The Virtue in Daoism

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By Andrei Costa Colonetti

Daoism is a philosophical and religious tradition from ancient China, whose most know work it’s the Dao De Jing, probably wrote by Laozi between 350-250 b.C. The legend says that Laozi was asked by frontier guard to share his wisdom, so Laozi wrote the teachings that are at the Dao De Jing. But maybe the manuscript it’s a collection of proverbs from many authors and Laozi (the “Old Master”) wasn’t a real historical figure (LaFargue, 1995, p. 14)

Laozi uses the word Dao to refer to an ultimate reality that produces all things. To understand that, we have to consider that language is used to represent things and for communicating with each other, but language can block the understanding from reality, as according to Cheng (2004, p. 145): “there is a larger presuppose reality, which always goes beyond the reference and use of any specific language”. So, when Laozi uses the word Dao he is trying to refer to a reality that is beyond the usual phenomenal world. He wrote that the Dao that can be spoken about it isn’t the constant Dao (usually translated as “The Way”) that it’s presupposed by any kind of language, so the word Dao is used as a metaphor (Cheng, 2004, p. 146).

The nature of the Dao is where all actions came from and are manifestations of the spontaneous, the natural, and the effortless (Cheng, 2004, p. 153). Hence, a virtuous action is in harmony with the Dao and has it same characteristics: natural, spontaneous and effortless. For Laotzi, a person with the superior virtue is who doesn’t has the intention of being virtuous, but only understand and follow the nature of the Dao. One core concept in Daoism is Wuwei (non-action), that it ain’t doing nothing, but restoring the nature of Dao and letting it operates. The virtue (De) is rooted in the nature of the Dao. Laotzi compares virtue with water, that nourishes a lot of things and occupies places that are despised by people, as the virtuous person for Laotzi, that put himself beneath the others. To reach a state of mind that is in harmony with the Dao, described by Laotzi, one has to diminish his desires onto outer things and also diminish irrelevant knowledge that preoccupies the mind.

For other Daoist philosopher, Zhuangzi, the agent that is performing a virtuous action has to also do it in a ease, effortless, naturalness and joyfulness way (Huang, 2010, p. 1050). In his manuscripts, he describes stories of craftsmen that learned how to be very skillful in their works, following the flow of the Dao, as the story of an Wheelwright that can’t cut a wheel neither too slowly nor too quickly, only in the right speed; or the story of a Cook that carves an ox with his intuition, following his natural structure.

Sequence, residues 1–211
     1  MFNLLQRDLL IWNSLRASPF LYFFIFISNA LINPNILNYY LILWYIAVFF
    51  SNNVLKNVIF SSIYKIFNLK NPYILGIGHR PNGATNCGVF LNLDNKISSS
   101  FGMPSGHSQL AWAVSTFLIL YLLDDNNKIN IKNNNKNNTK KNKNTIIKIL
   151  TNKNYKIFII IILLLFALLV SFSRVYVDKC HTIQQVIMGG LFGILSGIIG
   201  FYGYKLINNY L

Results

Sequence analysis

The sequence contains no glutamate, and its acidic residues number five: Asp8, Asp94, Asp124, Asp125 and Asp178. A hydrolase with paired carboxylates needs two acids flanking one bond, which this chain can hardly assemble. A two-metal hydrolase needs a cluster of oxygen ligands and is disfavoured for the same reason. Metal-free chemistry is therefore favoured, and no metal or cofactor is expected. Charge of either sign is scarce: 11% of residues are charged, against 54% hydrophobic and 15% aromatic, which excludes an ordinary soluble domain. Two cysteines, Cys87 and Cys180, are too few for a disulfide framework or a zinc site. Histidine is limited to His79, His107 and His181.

But can we interpret from Zhuangzi, that someone could be in harmony with the Dao while killing other one, if he is doing this action in a effortless and joyfulness way? For Huang, the answer is no: “In my view, these knack stories tell us how to do things well if we know what things we ought to do, but they do not tell us what things we ought to do” (2004, p. 1056). In other story, Zhuagzi tells about a bird that was received by Prince with wine, music and ox meet. Dazed, the bird died. The prince killed the seabird because he was “treating the bird as he would like to be treated and not as a bird would like to be treated” (Zhuangzi apud Huang, 2004 p. 1056). In other story, Zhuangzi states: “If a human being sleeps in a damp place, the person will have a pain in his or her loins and some paralysis. Is that true of eels? If a human being lives up in a tree, the person will be frightened and tremble. Is that true of monkeys? Which of the three knows the right place to live?”. For Huang (2004, p. 1061), the ethics contained in this stories is a ethic of difference, implying that one should respect the natural disposition of the others, not imposing values and therefore measuring the moral appropriateness of an action by the view of the patient, not the agent (Huang, 2010, p. 1067).

Daoism is a very rich and profound philosophy, that can give the West a good contribution to the studies of virtue and other fields of study. The poetic, enigmatic and sometimes paradoxical way of writing about the Dao and it’s Virtue makes it complex and interesting. And is a mutable philosophy, therefore, will never exhaust the possibility of actualizations and interpretations.


HUANG, Yong. Respecting different ways of life: A Daoist ethics of virtue in the Zhuangzi. The Journal of Asian Studies, v. 69, n. 4, p. 1049-1069, 2010.

CHENG, Chung‐ying. Dimensions of the Dao and Onto‐Ethics in Light of the DDJ. Journal of Chinese Philosophy, v. 31, n. 2, p. 143-182, 2004.

CHUANG-TZU; MERTON, Thomas. A via de Chuang Tzu. 7.ed. Petrópolis: Vozes, 1994.

LAO-TZU; WILHELM, Richard. Tao-Te King: o livro do sentido e da vida . 9. ed. São Paulo: Pensamento, 2001.

LaFarge, Michael. Introdução. IN: TSAI, Chih Chung. Tao em quadrinhos. 3. ed. Rio de Janeiro: Ediouro, 1997.

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